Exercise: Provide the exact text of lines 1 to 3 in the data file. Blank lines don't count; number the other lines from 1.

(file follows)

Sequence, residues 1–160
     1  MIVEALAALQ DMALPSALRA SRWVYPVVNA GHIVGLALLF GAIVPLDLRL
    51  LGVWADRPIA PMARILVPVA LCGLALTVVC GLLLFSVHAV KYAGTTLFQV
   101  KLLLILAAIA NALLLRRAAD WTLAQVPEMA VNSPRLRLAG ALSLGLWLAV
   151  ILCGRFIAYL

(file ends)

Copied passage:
Sequence, residues 1–160
     1  MIVEALAALQ DMALPSALRA SRWVYPVVNA GHIVGLALLF GAIVPLDLRL
    51  LGVWADRPIA PMARILVPVA LCGLALTVVC GLLLFSVHAV KYAGTTLFQV